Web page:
Posted On Feb 10, 2017
Cybersecurity threats pose risks to every type of business. As our dependence on technology has increased, the opportunities for data to fall into the wrong hands are all around.
Every business has some understanding of the dangers of dealing with sensitive data. We’ve heard the horror stories. Hospitals have been held hostage by hackers demanding ransom in exchange for restoring access to electronic files. Data files stolen from retailers have resulted in millions of compromised credit card accounts. Threats include any way fraudsters can use your information to make a buck.
Think of a cybersecurity plan in the same way as a plan you would prepare for any other emergency. Businesses take preventative steps to avoid fires, accidents and other catastrophic events and have plans for how to respond when an emergency comes up. Fire drills, safety procedures and incident response teams can help protect businesses from physical threats. Data breaches may be more difficult to detect initially, but they can have a similar disruptive effect on your business – and on the bottom line.
Your cybersecurity plan should include preventative measures as well as a coordinated response. In the event of a data breach, there are concrete steps that your business should be prepared to take, such as:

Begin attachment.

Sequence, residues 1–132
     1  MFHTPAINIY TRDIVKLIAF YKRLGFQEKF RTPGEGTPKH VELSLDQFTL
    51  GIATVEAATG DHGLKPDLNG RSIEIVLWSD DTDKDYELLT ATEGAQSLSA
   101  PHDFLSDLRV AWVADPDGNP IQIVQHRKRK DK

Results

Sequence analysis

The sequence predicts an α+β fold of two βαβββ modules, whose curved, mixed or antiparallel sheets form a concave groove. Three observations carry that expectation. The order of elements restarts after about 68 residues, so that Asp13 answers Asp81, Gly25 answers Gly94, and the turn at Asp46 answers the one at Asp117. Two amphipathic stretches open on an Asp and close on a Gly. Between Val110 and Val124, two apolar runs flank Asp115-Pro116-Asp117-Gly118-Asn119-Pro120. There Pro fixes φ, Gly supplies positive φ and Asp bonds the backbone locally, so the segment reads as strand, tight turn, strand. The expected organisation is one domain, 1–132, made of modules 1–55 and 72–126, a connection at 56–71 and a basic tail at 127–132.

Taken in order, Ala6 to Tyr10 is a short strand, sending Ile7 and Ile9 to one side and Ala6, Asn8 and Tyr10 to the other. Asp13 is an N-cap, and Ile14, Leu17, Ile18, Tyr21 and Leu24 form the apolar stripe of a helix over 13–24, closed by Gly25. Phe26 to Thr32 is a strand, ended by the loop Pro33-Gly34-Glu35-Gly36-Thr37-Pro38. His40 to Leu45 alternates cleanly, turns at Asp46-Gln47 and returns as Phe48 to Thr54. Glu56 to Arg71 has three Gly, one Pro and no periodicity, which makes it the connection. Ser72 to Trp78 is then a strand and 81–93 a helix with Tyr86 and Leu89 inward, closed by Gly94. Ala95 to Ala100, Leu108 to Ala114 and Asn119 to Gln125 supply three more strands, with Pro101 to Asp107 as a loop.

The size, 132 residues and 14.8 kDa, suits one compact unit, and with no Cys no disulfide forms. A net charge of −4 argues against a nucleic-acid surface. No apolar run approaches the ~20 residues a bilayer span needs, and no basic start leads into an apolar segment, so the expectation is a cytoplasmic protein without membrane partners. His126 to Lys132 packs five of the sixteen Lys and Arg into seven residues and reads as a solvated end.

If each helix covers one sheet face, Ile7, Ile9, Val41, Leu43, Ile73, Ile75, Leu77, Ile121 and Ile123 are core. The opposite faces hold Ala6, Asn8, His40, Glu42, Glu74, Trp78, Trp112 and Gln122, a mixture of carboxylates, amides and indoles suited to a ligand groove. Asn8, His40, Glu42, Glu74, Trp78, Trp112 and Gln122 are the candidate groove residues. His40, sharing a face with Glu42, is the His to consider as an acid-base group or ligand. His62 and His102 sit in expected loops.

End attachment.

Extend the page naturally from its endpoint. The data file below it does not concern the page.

All of these steps are important to mitigate the damage and costs of a data breach. The plan isn’t just an IT concern. It encompasses all procedures in your operation.
A 2016 survey of 600 IT leaders at small- and medium-sized businesses found that that 65 percent of all small businesses don’t strictly enforce their password policy and 50 percent have had data breaches in the past 12 months.
People may think of a hacker as some pimply-faced teenager who’s trying to find ways around security systems, but more often cyber threats come from sophisticated operations that likely have more experience than your own IT staff.
For businesses that don’t yet have a cybersecurity plan, putting it off is not an option. In addition to preparing for the inevitable, it communicates to your clients and customers that your business is committed to protecting their private information.
If your business does have a response plan in place, you’ll want to revisit it regularly to make sure that it’s not stale. The threat always is evolving. Stay on top of changes, and be adaptive in your response.
But a plan that only covers the response after an event occurs, without addressing preventative measures, puts you behind from the start. And that leads to increased costs with the possibility of litigation.
South Carolina, like most states, has laws addressing liability in data breaches, and if you can demonstrate to a court that you took all proactive steps that you possibly could to prevent a data breach that can lessen your legal liability.
Small business that are getting started on a cybersecurity plan don’t have to spend thousands of dollars. There are helpful resources online, such as the U.S. Small Business Association, where you can learn more about the issues and some basic steps you can take to minimize the risk without having to spend lots of money.
Consulting an attorney can be helpful in drafting a plan and making sure you have protocols in place to revisit that plan and adjust as necessary. There are also technical experts that can advise on the front-end protections that can be built into computer systems to minimize the risk.
In 2017, the risk of cybersecurity threats is continuing to grow. If your business hasn’t put something in place, now is the time.